Some of my favorite things to do are Bikini Body Girls by Kayla or Do Yoga With Me. Both of these are convenient enough to do in the comfort of my own home. As for recipes, there are a million sites out there for beginner cooks trying to eat healthy. Clara’s Clean Eats is a very interesting look at a nursing student and her adventures with food
Remind yourself why you are doing this. You’re in school for a reason, and you can’t forget about that. Think about the patients your going to see, the families who’s loved ones you’ll help. All of this time and energy you’re putting into studying is going to pay off. You’re going to be an amazing provider. You’re learning how to save people, and that is so incredibly important – of course it’s going to be hard. But in the grand scheme of your life, school is only a short time period and you can do it.
Also think about all of the challenges you have already overcome. You got into school – beating out thousands of other applicants. Something about you stood out to the admissions committee. You are worthy of this spot and you’re going to make it.
Limit the time you complain. This is one of the tips that a second year student gave to us when my class first started – only complain for 20 seconds a day. And honestly, while this is hard to do, and I’m often complaining for longer than that, it does make me think about how often and for how long I am doing it for. There is a downward spiral when you start complaining, and it’s not going to do anything to really help your problem. So instead of complaining, take action and fix the problem. You feel like you have too many things to do? Make a checklist and start crossing things off; that feeling you get when you put a check next to an item is going to give you the energy to keep going. And you’ll be able to see just how much you’re able to get done.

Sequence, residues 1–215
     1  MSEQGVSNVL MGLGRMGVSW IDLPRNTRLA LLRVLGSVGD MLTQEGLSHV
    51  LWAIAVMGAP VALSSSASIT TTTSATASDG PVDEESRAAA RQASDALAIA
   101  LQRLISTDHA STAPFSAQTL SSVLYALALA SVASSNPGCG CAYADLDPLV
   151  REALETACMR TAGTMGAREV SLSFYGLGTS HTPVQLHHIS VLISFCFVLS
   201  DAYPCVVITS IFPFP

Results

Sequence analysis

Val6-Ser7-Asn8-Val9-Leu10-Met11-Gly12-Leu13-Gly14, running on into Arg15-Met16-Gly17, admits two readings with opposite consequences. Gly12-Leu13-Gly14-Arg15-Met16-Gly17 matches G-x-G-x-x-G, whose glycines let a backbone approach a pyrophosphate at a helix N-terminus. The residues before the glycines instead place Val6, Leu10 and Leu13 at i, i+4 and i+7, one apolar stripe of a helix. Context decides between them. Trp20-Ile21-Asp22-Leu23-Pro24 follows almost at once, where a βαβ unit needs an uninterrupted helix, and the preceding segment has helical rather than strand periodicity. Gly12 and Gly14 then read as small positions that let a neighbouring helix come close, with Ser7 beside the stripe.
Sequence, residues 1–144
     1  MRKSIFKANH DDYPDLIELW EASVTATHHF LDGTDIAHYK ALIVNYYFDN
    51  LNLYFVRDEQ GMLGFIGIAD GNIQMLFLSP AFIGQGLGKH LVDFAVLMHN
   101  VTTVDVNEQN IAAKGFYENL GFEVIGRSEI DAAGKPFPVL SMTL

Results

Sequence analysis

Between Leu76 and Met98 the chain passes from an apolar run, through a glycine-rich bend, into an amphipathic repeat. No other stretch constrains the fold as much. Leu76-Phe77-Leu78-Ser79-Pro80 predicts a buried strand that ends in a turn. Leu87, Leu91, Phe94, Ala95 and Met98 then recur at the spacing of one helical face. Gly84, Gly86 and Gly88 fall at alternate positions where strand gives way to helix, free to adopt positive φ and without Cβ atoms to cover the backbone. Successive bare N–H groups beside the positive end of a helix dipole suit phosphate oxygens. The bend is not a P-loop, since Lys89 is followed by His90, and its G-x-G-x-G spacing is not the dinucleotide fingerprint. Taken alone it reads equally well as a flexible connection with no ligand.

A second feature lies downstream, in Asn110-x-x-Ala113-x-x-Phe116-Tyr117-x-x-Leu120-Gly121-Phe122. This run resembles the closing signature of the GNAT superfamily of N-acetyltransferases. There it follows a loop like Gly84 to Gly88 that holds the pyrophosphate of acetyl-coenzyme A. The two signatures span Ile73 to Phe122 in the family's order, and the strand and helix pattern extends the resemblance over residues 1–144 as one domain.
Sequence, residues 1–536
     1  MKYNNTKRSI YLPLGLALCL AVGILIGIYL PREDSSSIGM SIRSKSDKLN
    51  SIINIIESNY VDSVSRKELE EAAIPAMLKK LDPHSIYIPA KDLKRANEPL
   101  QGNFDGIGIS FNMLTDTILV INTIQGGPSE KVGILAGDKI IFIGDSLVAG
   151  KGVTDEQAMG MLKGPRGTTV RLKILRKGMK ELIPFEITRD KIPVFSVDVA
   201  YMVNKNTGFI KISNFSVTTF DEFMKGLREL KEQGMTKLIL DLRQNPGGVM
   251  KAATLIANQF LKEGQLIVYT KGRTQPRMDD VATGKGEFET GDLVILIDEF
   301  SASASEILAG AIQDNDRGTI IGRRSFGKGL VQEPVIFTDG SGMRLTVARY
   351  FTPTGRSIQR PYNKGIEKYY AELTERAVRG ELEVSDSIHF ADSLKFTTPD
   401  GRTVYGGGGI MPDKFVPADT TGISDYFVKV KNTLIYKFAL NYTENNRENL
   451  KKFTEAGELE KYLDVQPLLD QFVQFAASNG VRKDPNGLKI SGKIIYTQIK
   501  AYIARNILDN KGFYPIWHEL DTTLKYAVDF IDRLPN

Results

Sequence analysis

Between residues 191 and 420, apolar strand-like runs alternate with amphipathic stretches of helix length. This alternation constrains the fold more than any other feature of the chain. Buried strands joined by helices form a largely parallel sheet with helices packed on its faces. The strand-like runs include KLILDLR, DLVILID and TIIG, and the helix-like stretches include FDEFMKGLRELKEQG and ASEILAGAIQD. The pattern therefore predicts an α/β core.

Remember even if you don’t do as well as you’d hope on something, you’re still a great person. Tests are not the only thing that matters in life. Being the best in your class is not what is going to make or break your career. Having that great GPA does not determine your worth as a person.
You’re made up of so much more than just school, and as long as you remember that, some of the stress is going to disappear.
The most important thing to remember when you’re feeling burnt-out?
You. Are. Not. Alone.
If you ever feel like you can’t handle school, and have any thoughts of suicide please reach out to someone. This is the number for the National Suicide Hotline 1-800-273-8255
It’s open 24/7, so someone is always going to be there for you to talk to.
I know this subject was a little intense, but I think it’s something that doesn’t nearly get talked about for how much it happens. If you’ve had experience with feeling burnt-out, I would love to hear about the ways that you helped overcome it.
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I’m here for you guys and together, we’re going to make some kick-ass PAs. I started this blog because I wanted to help others, so feel free to reach out to me. I’m not always great at responding off of my personal Facebook (all y’all’s messages get “filtered” and I don’t always get a notification), but I’m always checking the blog’s email (firstname.lastname@example.org).